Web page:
Your first stop for learning how to get started with Jira Service Management.
When a team gets equipped to manage operations, it gets an escalation policy set by default. When an alert is assigned to a team, all team members have access to the alert and can see it on the alerts page. Jira Service Management uses the team escalation policy to determine which team member to notify by default. You can change this behavior and notify other escalations/on-call schedules by setting routing rules.
You have to be a team admin to be able to edit or add new escalation policies. You can create multiple escalation policies for the same team. When adding an escalation, designate a name, description, and rules for that escalation. Routing rules define which escalation will be processed when an alert is assigned to the team.
How do escalations work?
When multiple users or a team (with multiple members) are specified as the responders of an alert, Jira Service Management notifies each user at the same time according to their notification preferences. However, notifying users in a desired order is required in most cases, instead of notifying all of them at once. Escalation policies notify responders according to a given order. After an escalation is added as a responder to an alert, the escalation rules notify responders when the specified time is over and the state of the alert meets the specified condition.
Each escalation rule can have one of the following as its responders:
Members designated as responders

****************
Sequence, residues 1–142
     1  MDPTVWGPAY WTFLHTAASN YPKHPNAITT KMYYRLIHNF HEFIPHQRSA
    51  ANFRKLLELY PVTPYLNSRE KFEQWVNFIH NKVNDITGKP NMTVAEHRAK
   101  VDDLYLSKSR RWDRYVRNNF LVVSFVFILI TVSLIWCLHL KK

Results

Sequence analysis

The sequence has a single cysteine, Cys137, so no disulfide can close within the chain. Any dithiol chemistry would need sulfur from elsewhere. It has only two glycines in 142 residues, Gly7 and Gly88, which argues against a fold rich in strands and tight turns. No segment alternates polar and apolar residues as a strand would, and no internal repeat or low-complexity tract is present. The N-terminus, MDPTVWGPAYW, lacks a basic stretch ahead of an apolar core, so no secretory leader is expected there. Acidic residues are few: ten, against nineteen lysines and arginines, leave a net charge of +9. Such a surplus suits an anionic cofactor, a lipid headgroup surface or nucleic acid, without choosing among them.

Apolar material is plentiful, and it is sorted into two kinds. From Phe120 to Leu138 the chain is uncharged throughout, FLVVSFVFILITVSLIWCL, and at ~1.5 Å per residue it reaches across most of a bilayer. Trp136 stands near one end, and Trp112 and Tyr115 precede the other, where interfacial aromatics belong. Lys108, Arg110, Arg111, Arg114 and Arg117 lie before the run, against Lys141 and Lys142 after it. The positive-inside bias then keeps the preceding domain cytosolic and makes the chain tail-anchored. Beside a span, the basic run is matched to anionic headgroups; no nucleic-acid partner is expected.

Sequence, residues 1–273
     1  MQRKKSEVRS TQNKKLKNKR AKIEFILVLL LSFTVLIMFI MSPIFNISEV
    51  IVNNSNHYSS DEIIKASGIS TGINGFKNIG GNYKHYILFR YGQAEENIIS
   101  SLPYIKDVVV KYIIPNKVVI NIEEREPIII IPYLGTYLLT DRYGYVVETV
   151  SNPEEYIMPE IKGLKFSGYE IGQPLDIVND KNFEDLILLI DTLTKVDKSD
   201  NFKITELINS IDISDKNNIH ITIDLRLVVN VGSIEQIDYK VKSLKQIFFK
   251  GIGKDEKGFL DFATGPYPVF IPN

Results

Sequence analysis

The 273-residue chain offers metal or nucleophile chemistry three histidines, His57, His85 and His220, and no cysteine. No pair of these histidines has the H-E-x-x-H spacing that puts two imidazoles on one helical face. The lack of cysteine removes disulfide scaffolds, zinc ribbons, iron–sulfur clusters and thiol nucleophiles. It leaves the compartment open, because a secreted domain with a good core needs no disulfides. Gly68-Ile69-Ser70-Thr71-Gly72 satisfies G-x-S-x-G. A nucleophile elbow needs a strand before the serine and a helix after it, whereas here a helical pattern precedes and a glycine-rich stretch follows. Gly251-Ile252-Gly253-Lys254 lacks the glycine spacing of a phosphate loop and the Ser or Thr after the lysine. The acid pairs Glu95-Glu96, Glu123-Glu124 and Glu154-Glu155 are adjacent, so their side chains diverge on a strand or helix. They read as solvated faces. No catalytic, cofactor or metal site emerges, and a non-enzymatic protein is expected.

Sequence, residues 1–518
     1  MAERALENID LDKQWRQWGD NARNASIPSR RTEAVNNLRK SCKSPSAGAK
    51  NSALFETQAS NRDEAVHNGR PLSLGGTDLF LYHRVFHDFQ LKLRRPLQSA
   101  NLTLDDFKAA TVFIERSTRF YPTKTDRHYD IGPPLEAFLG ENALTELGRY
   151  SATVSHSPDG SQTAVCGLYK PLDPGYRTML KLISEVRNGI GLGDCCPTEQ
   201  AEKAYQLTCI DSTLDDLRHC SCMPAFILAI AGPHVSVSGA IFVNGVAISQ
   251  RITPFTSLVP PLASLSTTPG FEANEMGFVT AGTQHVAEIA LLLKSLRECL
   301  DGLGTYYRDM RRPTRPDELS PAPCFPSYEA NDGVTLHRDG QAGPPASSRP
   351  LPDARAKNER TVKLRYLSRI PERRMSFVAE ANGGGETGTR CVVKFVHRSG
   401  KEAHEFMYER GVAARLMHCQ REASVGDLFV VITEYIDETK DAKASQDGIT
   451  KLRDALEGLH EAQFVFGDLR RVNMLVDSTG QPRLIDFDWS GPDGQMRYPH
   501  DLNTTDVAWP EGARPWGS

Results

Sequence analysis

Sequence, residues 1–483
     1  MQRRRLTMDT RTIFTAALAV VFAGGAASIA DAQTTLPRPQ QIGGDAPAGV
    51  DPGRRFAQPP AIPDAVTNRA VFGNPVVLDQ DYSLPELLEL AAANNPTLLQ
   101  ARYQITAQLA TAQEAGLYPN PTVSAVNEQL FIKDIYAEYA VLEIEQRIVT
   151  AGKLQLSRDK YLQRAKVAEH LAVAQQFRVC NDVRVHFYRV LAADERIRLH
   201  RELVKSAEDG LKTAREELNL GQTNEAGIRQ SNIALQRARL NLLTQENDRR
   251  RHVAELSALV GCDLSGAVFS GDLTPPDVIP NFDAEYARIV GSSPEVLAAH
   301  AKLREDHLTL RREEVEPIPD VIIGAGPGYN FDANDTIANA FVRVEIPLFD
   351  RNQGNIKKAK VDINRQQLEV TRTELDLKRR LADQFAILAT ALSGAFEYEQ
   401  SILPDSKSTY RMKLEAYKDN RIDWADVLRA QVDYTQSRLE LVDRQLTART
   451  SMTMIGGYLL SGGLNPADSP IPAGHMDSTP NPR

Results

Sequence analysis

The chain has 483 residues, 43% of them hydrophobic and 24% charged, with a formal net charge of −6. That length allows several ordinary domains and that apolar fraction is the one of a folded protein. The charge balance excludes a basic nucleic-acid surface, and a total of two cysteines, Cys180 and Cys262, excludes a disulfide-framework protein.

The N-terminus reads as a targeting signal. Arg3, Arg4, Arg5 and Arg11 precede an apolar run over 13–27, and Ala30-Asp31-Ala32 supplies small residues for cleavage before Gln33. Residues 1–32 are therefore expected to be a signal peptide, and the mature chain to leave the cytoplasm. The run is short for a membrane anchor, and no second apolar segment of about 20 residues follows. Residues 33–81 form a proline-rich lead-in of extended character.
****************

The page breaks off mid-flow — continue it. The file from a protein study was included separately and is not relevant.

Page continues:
If the escalation rule is configured to have a team as its responder, routing rules of the specified team are applied while determining the notification targets.
All members of a team
Admin(s) of a team or member(s) of a team
Only the default rules can be a target of an escalation.
A random member of a team
Because of randomness, if this step is repeated, the same member can be chosen consecutively.
On-call members of a schedule
Next member of an on-call schedule
Previous member of an on-call schedule
The default team escalation policy is a good example to understand escalations. Using this escalation policy, Jira Service Management sends notifications to the on-call user(s) first based on the on-call schedule. The on-call members can view and acknowledge or close the alert. When the alert is acknowledged or closed, the escalation policy stops. If the alert remains unacknowledged or open after a set duration, then Jira Service Management executes the second escalation step and notifies the next user in the rotation.